Journal of Sports Science and Medicine
Journal of Sports Science and Medicine
ISSN: 1303 - 2968   
Ios-APP Journal of Sports Science and Medicine
Androit-APP Journal of Sports Science and Medicine
©Journal of Sports Science and Medicine (2021) 20, 26 - 34   DOI:

Research article
A Mixed-Method Approach of Pre-Cooling Enhances High-Intensity Running Performance in the Heat
Minxiao Xu1,2, Zhaozhao Wu2,6, Yanan Dong4, Chaoyi Qu2,3, Yaoduo Xu7, Fei Qin2,5, Zhongwei Wang1,2, George P. Nassis8,9, Jiexiu Zhao2, 
Author Information
1 School of Kinesiology, Shanghai University of Sports, Shanghai, China
2 Exercise Biological Center, China Institute of Sport Science, Beijing, China
3 School of Sport Science, Beijing Sport University, Beijing, China
4 Beijing Institute of Sport Science, Beijing, China
5 School of Physical Education, Jinan University, Guangzhou, China
6 Physical Education Department, Northwest University, Xi’an, China
7 Physical Education Department, Northwestern Poly-technical University, Xi’an, China
8 Physical Education Department-(CEDU), United Arab Emirates University, Al Ain, Abu Dhabi, United Arab Emirates
9 Department of Sports Science and Clinical Biomechanics, SDU Sport and Health Sciences Cluster), University of Southern Denmark, Odense, Denmark

Jiexiu Zhao
✉ China Institute of Sport Science, No.11, Tiyuguan Road, Dongcheng District, Beijing, China
Publish Date
Received: 09-06-2020
Accepted: 01-12-2020
Published (online): 01-03-2021

We investigated whether single or combined methods of pre-cooling could affect high-intensity exercise performance in a hot environment. Seven male athletes were subjected to four experimental conditions for 30 min in a randomised order. The four experimental conditions were: 1) wearing a vest cooled to a temperature of 4 ™ƒ (Vest), 2) consuming a beverage cooled to a temperature of 4 ™ƒ (Beverage), 3) simultaneous usage of vest and consumption of beverage (Mix), and 4) the control trial without pre-cooling (CON). Following those experimental conditions, they exercised at a speed of 80% VO2max until exhaustion in the heat (38.1 ± 0.6 ™ƒ, 55.3 ± 0.3% RH). Heart rate (HR), rectal temperature (Tcore), skin temperature (Tskin), sweat loss (SL), urine specific gravity (USG), levels of sodium (Na+) and potassium (K+), rating of perceived exertion (RPE), thermal sensation (TS), and levels of blood lactic acid ([Bla]) were monitored. Performance was improved using the mixed pre-cooling strategy (648.43 ± 77.53 s, p = 0.016) compared to CON (509.14 ± 54.57 s). Tcore after pre-cooling was not different (Mix: 37.01 ± 0.27 ™ƒ, Vest: 37.19 ± 0.33 ™ƒ, Beverage: 37.03 ± 0.35 ™ƒ) in all cooling conditions compared to those of CON (37.31 ±0.29 ™ƒ). A similar Tcore values was achieved at exhaustion in all trials (from 38.10 ™ƒ to 39.00 ™ƒ). No difference in the level of USG was observed between the conditions. Our findings suggest that pre-cooling with a combination of cold vest usage and cold fluid intake can improve performance in the heat.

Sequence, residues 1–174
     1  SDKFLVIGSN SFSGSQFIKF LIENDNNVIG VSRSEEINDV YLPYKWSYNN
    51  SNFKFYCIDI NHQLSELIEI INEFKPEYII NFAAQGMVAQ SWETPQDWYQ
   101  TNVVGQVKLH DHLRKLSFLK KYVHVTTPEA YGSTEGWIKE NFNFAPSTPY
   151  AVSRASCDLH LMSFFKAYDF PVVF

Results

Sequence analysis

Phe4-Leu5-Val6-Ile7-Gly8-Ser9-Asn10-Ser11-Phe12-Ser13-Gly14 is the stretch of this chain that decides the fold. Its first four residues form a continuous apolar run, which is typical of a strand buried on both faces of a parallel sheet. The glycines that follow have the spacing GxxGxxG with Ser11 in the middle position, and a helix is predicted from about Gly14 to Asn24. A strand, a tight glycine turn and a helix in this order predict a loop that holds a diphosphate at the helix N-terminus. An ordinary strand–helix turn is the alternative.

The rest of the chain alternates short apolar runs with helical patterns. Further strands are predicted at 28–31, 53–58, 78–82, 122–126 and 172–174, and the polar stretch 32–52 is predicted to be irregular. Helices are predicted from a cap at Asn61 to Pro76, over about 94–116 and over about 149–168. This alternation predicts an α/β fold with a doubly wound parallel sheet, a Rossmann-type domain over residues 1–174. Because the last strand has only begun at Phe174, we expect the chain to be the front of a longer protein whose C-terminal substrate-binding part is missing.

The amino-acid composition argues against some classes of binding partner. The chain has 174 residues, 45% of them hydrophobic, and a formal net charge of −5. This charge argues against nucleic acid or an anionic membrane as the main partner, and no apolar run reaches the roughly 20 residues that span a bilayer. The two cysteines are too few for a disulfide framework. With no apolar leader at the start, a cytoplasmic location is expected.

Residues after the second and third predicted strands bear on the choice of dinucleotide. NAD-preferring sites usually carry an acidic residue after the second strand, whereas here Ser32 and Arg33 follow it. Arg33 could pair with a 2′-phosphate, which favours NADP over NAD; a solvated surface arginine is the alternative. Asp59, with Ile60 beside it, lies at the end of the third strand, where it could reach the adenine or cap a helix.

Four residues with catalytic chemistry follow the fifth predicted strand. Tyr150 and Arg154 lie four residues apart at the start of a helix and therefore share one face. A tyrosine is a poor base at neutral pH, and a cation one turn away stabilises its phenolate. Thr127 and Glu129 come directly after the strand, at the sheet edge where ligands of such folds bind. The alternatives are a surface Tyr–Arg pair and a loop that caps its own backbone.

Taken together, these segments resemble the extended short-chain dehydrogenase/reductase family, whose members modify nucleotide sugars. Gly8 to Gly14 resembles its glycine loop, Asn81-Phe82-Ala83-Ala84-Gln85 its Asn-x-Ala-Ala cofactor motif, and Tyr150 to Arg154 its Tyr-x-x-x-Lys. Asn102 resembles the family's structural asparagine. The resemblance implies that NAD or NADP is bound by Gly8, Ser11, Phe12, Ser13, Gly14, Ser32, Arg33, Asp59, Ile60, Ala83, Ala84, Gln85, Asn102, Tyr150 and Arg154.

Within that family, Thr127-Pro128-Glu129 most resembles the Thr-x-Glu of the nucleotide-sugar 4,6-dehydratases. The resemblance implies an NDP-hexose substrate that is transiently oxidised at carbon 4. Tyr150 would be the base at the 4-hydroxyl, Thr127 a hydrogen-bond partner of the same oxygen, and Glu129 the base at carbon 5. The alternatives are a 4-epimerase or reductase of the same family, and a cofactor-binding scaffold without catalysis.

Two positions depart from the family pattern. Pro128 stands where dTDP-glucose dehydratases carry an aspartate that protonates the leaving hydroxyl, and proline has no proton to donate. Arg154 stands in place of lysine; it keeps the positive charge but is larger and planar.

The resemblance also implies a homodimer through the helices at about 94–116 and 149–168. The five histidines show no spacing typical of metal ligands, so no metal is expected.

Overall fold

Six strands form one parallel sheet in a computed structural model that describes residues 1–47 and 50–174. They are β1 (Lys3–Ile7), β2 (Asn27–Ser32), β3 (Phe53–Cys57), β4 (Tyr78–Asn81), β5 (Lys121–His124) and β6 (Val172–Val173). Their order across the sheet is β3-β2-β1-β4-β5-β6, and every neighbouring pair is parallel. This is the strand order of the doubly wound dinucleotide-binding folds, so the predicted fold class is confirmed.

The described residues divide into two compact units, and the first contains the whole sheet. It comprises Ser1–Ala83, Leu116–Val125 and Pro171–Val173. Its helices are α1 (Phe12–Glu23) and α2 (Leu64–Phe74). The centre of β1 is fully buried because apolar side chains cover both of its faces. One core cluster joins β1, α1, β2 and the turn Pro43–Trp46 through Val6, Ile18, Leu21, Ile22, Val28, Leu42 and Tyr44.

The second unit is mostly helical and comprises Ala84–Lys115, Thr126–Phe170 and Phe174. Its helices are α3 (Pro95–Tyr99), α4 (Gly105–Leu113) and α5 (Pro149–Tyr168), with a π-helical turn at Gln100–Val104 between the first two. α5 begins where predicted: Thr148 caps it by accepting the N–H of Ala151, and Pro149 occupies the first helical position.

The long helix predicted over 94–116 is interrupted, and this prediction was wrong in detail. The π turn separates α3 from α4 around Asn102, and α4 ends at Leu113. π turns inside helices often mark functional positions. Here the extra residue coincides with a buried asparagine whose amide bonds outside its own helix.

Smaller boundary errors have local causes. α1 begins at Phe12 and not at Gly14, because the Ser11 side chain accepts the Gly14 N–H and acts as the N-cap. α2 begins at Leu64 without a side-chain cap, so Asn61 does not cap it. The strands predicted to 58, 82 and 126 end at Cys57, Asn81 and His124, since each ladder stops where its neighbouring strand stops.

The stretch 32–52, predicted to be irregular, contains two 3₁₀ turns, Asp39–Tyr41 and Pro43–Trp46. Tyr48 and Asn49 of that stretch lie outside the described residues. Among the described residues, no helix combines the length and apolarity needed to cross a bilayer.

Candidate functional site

Key words: Cooling prior to exercise, external and internal cooling, hyperthermia, thermoregulation, high-intensity aerobic exercise

           Key Points
  • Precooling strategies with 30 min independent or simultaneous precooling maneuvers could improve running performance of 80% VO2max in hot and humid climatic conditions compared with the control condition.
  • Wearing a 4™ƒ vest might augment the capacity of heat dissipation by decreasing Tskin.
  • Ingesting a 4™ƒ beverage might increase the capacity of heat storage and maintain homeostasis by reducing Tcore, HR and [Bla].
  • The mix method-precooling maneuver seems to be more effective than others by maintaining core-to-skin thermal gradient and fortifying heat storage to relieve thermophysiological strain.
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